An article by Benedict Carey in the New York Times on January 9, 2013 and also the PBS Newshour that same day reported on a publication by lead author Matthew Nock in JAMA Psychiatry. The article presented the results of a reanalysis of data from the National Comorbidity Survey Replication Adolescent Supplement. The main finding was that of the 6483 adolescents between the ages of 13 to 18 surveyed, 12% reported suicidal ideation, 4.0% had planned a suicide, and 4.1% had attempted suicide. 55.3% of those reporting suicidal ideation had received treatment prior to suicidal ideation. 61.7% of those planning suicide had received treatment prior to making plans. Of those adolescents who made a suicide attempt, 67.1% had received treatment either at least one year before the attempt or during the same year (15.2%). Almost all of those attempting suicide were in treatment at some point during the study (94.2%). Initiating treatment after the suicide attempt was the case for only 11.9%, as most were already in treatment.
Nock et al. did raise the question regarding whether current treatments are efficacious. Unfortunately, in their analysis, Nock et al. did not differentiate treatments involving pharmaceuticals from treatments in which pharmaceuticals were not involved. Moreover, the question of whether treatment worsens outcome was not raised. Answering such a question could only be addressed through random assignment of those meeting inclusion-criteria to treatment or not. However, the FDA blackbox warning for suicidal ideation on antidepressants implies that pharmacological treatment may indeed be a causal factor in the elevated rates of suicidal behavior exhibited by adolescents in the U.S. With regard to another interesting finding from the study, Nock et al. also reported that adolescents whose parents had not gone to college were less likely to have contemplated suicide.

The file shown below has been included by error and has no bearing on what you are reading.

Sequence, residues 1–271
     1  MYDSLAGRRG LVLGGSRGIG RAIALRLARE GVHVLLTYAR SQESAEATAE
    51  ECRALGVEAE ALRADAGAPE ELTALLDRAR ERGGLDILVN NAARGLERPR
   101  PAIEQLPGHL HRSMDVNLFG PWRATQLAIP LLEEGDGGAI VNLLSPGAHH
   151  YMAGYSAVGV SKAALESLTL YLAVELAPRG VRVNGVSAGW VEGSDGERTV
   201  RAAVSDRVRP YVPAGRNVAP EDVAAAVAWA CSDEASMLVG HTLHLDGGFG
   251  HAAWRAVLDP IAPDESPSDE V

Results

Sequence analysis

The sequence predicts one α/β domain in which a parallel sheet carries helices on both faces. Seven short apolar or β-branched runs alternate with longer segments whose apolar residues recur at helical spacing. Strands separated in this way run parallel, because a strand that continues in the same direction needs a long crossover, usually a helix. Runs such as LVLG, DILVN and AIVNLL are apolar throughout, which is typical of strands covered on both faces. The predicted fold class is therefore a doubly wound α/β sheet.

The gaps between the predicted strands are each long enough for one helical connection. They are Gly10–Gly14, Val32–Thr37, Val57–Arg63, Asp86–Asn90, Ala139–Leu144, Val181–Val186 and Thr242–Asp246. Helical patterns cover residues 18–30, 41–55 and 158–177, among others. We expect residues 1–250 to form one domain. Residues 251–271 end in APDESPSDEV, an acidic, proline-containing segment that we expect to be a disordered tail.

It is frustrating that so little can be definitively gleaned from the Nock et al. study. The results do, however, suggest that the vast majority of those adolescents who might attempt suicide are already in treatment. This should discourage efforts to identify even more children at risk and get them in to treatment if the rationale for screening is to prevent suicide attempts. Another obvious bottom-line from this study is that efforts should be made to identify those treatments which are efficacious in preventing suicidal ideation. The finding that adolescents with less well educated parents exhibit lower rates of suicidal behavior also raises questions about the current culture’s obsession with mental health. According to the World Health Organization, suicide rates have increased by 60% over the past 45 years. There is little evidence that the culture’s increased awareness of the symptoms of mental illness has been useful in preventing suicide.
Carey, B. (2013, January 9). Study questions effectiveness of therapy for suicidal teenagers. New York Times, A11.
Ifill, G. (2013, January 9). Study shows many teens at risk for suicidal behavior despite mental health help. PBS Newshour.
Nock, M.K., Green, J. G., Hwang, I., McLaughlin, K. A., Sampson, N. A., Zaslavsky, A. M., & Kessler, R. C. (2013). Prevalence, correlates, and treatment of lifetime suicidal behavior among adolescents. JAMA Psychiatry, doi.10.1001/2013.jamapsychiatry.55
Mad in America hosts blogs by a diverse group of writers. These posts are designed to serve as a public forum for a discussion—broadly speaking—of psychiatry and its treatments. The opinions expressed are the writers’ own.